New Google Search Console: How To Begin Optimizing Your Website
Hi there! I’m Benjamin from Loves Data and in this video we’re going to explore the new version of Google Search Console. We’re going to look at the new interface, the most important changes you should be aware of and how you can use the ‘Performance’ report to optimize the content on your website. The new version is rolling out globally and Google says it’s been designed to “simplify the process of optimizing a website’s presence on Google Search”.
So let’s take a look at the new Google Search Console and how we can use it. Let’s get started! // Here’s a quick summary of the changes you’ll see in the new Google Search Console… It’s a complete redesign to make it easier to optimize your website. There’s now 16 months of data available which means you can perform year on year comparisons. If there is a problem indexing pages on your website, you’ll be given details about the issue and the URLs effected. There are new options for validating and checking fixes you’ve applied to your website. You can now share reports with other people in your organization. Now let’s head to Google Search Console… The first thing you’ll notice is how clean and streamlined the interface is – it’s much easier to get to the information you need. On the ‘Status’ page you’ll see an overview of your website’s performance for the last 3 months. Let’s open the ‘Performance’ report…
You will see a summary for the key metrics at the top of the report. You can see total clicks, impressions, average click-through rate and average position. You can click on each of these metrics to include them in the reporting table. At the top of the report you can modify the data that’s included… By default you’ll be viewing data for web search results over the last 3 month, but you can click on these to change them. For example, you can click on ‘search type’, to then view data for image and video search results… And you can change the date range of the report to use other pre-defined ranges, like the ‘last 12 months’ or even all the available data. You can also use the ‘compare’ option to compare two date ranges to each other in the report. This is a great way to see if metrics and performance are improving. You can also focus the report further by clicking ‘New’.
For example, you can choose to focus on a particular country or device. The table includes search queries by default, but you can also select the ‘Pages’, ‘Countries’ and ‘Devices’ tabs to update the report. So what do you think of the changes to Google Search Console? I’d love to know! Now let’s head back to the ‘Status’ page… Below ‘Performance’ is ‘Index Coverage’, this shows you how many pages are being indexed, along with any errors. And ‘Enhancements’ highlights ways to improve your website’s appearance in search results, for example errors and warnings about AMP pages. Now that we’re familiar with the new interface, let’s look at how we can actually use the ‘Performance’ report in Google Search Console. We’re going to look at how we can use the report to optimize our content. Here’s what we need to do…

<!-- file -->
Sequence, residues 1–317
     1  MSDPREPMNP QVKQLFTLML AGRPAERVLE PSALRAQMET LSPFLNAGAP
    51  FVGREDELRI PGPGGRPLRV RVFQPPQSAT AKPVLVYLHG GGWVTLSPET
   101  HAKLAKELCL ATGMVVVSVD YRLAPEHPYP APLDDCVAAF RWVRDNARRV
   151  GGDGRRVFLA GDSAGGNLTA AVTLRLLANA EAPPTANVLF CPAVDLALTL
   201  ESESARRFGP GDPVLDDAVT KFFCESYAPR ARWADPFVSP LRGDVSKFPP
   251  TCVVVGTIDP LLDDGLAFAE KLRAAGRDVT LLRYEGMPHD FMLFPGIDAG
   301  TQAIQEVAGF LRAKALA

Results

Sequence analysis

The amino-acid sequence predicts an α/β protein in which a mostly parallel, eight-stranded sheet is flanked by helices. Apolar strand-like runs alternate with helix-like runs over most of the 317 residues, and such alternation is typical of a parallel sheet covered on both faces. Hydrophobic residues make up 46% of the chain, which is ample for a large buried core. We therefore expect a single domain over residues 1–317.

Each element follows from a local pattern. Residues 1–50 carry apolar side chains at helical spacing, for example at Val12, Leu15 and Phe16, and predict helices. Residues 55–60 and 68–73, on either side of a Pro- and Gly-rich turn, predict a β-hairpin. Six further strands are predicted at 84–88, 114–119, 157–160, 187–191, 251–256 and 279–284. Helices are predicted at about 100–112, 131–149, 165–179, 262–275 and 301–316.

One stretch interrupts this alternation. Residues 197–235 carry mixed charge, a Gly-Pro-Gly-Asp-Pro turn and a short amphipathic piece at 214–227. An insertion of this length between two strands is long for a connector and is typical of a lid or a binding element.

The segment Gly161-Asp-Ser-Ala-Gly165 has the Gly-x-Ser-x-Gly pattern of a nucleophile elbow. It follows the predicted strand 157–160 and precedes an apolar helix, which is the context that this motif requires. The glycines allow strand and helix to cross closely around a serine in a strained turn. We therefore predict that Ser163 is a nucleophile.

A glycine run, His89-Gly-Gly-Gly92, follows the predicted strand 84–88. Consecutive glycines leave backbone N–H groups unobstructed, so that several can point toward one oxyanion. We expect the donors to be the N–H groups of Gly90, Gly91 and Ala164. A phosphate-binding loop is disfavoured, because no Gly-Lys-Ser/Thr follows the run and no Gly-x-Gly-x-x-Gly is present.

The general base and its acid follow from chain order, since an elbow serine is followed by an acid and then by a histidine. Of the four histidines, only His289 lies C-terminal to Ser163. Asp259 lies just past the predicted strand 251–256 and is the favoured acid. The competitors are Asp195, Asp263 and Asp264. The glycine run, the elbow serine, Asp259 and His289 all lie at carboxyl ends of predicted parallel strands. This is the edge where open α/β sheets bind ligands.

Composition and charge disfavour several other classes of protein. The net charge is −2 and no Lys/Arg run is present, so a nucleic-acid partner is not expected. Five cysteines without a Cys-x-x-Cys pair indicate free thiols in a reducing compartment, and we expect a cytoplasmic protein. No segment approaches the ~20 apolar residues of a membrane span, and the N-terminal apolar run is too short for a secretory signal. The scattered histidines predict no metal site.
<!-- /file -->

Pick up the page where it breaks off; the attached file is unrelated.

Step 1. After you’ve selected your website in Search Console we need to open the the ‘Performance’ report. Step 2. At the top of the report make sure that ‘Clicks’, ‘Impressions’, ‘CTR’ and ‘Position’ are all selected. This gives you all of the available data within the report. Step 3. You will now see the search queries with the most clicks at the top of the report. Spend time identifying search queries that are relevant to your business that have a lower than expected CTR. I’d recommend starting with ones that have a CTR that is less than 6 percent. This will give you a list of search queries that you can then use to optimize your content. Also keep an eye out for search queries that have a strong CTR, but aren’t showing an average position in the top 10 organic results. There might be opportunities to optimize for these search queries too. Step 4. Click on the search query that you want to optimize. This will show you the page (or pages) to review. Make a note of the pages you want to optimize. Step 5. Now it’s time to repeat this process for your landing pages.
To do this select the ‘Pages’ tab above the table. Look for pages that have a lower CTR (I’d recommend below 4 percent). If you notice a page that has a high CTR, but a low average position, these are worth taking a note of too. You will now have a list of pages that you can optimize in order to increase their CTR. Next you’ll need to review the page titles and descriptions. The aim here is to make them as relevant as you can to the search queries people are using on Google. The more relevant they are, the higher the CTR and the more likely your website will be higher in the organic rankings.
You might decide to edit your page titles and descriptions to make them more relevant and compelling for your audience. You might also want to make changes to the content on the page too. I recommend documenting the changes you make so that you can check back to see what you’ve changed and if the changes are achieving results. // So that’s how you can use the new Google Search Console to identify pages to optimize on your website. The new interface is streamlined and easy to use, and with the ability to view 16 months of data, Google Search Console has become even more useful for improving content. What do you think of the new Google Search Console? Do you like the changes? I’d love to know! Let me know in the comments below! And if you found this video helpful, then please like it, so I know to make more videos like this. See you next time! .
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